Published on April 23rd, 2013 | by EJC1
Boston Bombings To Hurricane Sandy: Volunteer Community Responds To Bridge The Gap
In the past week, we witnessed a series of natural and man-made emergencies in the world varying from the Boston Marathon bombings to the devastating earthquake in Sichuan, as well as hundreds of people killed in the Damascus and Nigeria Fightings. Particularly in the case of the Boston explosions, social networks were loaded with situational updates, and even a manhunt was carried out by the crowd on networks such as Reddit, complicating the official investigation in identifying the suspects.
But what we need to realise is that, during any types of emergencies, there are a cluster of individuals looking for accurate information sources to provide shelter advice and that can confirm the status of the safety of their relatives and friends. Connecting individuals requires a huge amount of effort, especially when it comes to taking on these tasks while verifying official information and getting a bigger picture of the events.
There are, of course, a number of open source databases that are set up immidiately after a disaster, such as Google’s Person Finder. But what if those in need cannot confirm their loved ones’ safety by using these tools, or simply do not have an access to them? In addition, individuals finding him/herself in a disaster really just want a quick outline of crucial information and contacts. Acting on our own with technology can be tough especially in these circumstances, but there are volunteer communities who dedicate their time and effort to become a ‘bridge’ and support individuals when it comes to gathering critical information.
With its core mission to educate the public before, during and after a catastrophic disaster on how to survive, sustain, and reunite with their loved ones, Humanity Road compiled a situation report with a dozen trained volunteers and team leads with FEMA-supported trainings based all over the world.
Published within 2.30 hrs after the explosions, the situation report provided a list of hashtags and Twitter handles of local hospitals, police and fire-brigades, creating one-stop-shops for the locals based in Boston area.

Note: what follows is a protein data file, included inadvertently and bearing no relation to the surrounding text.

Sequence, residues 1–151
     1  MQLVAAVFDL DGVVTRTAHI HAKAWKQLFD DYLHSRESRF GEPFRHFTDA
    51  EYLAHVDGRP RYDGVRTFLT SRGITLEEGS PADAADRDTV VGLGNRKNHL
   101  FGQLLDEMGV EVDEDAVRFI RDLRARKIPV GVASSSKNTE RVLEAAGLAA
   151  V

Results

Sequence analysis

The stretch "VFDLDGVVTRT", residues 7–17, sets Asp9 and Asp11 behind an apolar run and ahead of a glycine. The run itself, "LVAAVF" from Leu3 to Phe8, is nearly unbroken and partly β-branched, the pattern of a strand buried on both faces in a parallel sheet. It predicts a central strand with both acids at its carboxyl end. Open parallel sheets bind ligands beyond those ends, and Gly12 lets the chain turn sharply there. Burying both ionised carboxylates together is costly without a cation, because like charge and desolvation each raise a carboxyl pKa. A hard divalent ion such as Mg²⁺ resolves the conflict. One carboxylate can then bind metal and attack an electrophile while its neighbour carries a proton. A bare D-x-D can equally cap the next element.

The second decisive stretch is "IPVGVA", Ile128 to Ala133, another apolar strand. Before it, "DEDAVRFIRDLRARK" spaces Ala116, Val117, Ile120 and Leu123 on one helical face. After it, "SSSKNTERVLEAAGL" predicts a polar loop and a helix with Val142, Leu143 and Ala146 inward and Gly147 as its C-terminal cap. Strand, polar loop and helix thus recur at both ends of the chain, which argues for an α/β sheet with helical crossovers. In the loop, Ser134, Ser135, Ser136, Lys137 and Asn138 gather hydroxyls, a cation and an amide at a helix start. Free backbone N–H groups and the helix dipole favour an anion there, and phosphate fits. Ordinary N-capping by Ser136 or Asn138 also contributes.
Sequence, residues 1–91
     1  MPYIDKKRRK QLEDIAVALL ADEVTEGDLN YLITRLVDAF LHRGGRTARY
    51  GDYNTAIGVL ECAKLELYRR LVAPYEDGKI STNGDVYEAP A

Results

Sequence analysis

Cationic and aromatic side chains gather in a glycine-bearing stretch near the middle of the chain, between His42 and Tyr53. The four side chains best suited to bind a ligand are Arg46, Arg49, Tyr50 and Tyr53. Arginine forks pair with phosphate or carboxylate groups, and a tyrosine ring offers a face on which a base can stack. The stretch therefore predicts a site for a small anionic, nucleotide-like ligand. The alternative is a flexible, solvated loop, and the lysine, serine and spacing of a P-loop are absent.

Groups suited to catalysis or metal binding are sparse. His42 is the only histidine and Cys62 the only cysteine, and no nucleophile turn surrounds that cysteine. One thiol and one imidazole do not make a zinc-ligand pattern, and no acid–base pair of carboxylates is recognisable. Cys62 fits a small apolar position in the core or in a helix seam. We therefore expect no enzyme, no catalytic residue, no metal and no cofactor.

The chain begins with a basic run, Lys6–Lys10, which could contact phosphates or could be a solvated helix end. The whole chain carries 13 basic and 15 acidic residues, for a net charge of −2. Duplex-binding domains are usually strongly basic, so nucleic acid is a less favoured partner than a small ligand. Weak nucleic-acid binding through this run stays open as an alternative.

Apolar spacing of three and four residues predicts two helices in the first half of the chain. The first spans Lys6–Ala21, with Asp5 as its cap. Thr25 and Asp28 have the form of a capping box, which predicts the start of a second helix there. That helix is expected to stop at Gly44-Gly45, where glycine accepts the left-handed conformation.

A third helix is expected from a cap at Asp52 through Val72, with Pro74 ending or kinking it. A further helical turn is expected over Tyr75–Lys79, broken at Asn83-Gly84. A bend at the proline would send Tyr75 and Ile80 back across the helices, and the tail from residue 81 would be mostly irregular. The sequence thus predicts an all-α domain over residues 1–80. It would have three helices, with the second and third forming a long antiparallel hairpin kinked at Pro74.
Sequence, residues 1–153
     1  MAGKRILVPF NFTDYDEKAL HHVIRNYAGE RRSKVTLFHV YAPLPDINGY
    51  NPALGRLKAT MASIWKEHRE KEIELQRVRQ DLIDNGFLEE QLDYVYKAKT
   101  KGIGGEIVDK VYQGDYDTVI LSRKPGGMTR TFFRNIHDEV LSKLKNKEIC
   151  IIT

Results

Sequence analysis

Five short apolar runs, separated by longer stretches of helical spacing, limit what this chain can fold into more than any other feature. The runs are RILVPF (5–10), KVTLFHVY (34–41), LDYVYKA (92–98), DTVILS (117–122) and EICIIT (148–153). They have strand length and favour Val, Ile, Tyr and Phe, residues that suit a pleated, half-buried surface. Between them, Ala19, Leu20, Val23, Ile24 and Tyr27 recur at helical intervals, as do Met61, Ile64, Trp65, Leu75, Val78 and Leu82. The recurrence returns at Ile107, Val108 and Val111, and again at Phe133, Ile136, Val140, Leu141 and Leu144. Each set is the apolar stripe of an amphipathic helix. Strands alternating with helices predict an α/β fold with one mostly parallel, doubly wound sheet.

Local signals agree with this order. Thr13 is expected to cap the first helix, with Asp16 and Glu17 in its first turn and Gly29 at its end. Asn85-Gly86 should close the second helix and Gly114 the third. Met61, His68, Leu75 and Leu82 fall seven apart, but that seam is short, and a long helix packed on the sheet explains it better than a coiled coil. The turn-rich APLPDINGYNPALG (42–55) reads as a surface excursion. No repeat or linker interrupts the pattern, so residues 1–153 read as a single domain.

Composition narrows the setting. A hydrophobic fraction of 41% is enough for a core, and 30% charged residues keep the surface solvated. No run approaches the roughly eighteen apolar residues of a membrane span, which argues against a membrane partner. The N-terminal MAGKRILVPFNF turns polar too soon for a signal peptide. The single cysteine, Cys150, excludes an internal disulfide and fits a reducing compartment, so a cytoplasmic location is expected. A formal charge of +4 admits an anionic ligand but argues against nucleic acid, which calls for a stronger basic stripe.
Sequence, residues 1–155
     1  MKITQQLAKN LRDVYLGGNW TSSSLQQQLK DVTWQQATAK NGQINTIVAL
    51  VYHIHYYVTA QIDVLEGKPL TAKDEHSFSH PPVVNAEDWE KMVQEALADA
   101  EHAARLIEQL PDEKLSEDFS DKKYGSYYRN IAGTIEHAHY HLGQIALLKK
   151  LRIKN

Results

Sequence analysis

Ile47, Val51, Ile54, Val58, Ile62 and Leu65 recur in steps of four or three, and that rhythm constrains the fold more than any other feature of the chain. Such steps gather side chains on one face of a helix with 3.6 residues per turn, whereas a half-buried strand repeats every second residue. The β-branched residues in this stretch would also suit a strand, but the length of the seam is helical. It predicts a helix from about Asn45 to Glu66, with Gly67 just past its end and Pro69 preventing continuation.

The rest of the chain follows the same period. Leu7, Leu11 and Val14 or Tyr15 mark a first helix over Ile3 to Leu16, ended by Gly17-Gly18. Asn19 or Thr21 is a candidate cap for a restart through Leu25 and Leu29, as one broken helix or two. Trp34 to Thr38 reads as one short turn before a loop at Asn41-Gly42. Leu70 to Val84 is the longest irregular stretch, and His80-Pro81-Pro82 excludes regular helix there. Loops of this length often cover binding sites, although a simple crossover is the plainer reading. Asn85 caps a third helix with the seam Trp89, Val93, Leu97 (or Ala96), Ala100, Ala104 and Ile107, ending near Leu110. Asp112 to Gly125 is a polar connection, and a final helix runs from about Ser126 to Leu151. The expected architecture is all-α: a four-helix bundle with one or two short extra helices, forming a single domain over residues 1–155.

All research and data collection are done on the Net; verifying information on social media, getting updates from trusted international/local relief organisations, and communicating with each other via Skype. When verifying the contents on social networks, they not only rely on updates from news agencies but also get in direct contact with the crowd to identify the authenticity and use search engine and other tools to validate information. Working in a team of both professionals and non-professionals also contributes to carry out further training of volunteers who do not necessarily practice disaster relief in their profession.
Verification and validation can also help in providing support to those who are seeking to reconnect with their loved ones in crisis situations. While no concrete case prevailed for the Boston bombings, Humanity Road has a track record of helping individuals during disasters. For instance, in Hurricane Sandy, the team identified a group of people stranded due to rising waters in the Dominican Republic on 26th October, 2012. Notifying the Dominican Republic Navy Search and Rescue team, a rescue team was deployed to save over 80 people’s lives in the area. Another example of success story shows the leaders and volunteers of HR helped US-based family members reconnect with each other.
Christoph Dennenmoser, one of the team leader says, ‘The main difference to most of the other existing networks is the fact that Humanity Road is based on self directed work teams and is self activating. So if any volunteer in the world who went through the disaster desk training discovers an emerging disaster, the event can be brought to the disaster desk to be reviewed for activation.” Training the volunteers on how to verify information under critical conditions is one of the focuses of their work. And working with a worldwide network, disaster monitoring can be conducted 24/7. “As the sun sets in California and rises in India, it has become common for a Humanity Road volunteer in India to wish the Californian volunteers good night when starting his day“, says the team leader.
All situation reports are published and updated here.
Photo: Kate Ter Haar